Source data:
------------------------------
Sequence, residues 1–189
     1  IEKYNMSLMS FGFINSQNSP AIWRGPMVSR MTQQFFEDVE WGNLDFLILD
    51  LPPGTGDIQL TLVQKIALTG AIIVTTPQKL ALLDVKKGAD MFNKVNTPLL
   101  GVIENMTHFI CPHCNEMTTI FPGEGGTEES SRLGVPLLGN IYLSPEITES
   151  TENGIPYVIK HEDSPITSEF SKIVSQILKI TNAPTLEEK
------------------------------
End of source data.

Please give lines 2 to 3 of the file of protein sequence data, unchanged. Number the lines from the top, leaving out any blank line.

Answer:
     1  IEKYNMSLMS FGFINSQNSP AIWRGPMVSR MTQQFFEDVE WGNLDFLILD
    51  LPPGTGDIQL TLVQKIALTG AIIVTTPQKL ALLDVKKGAD MFNKVNTPLL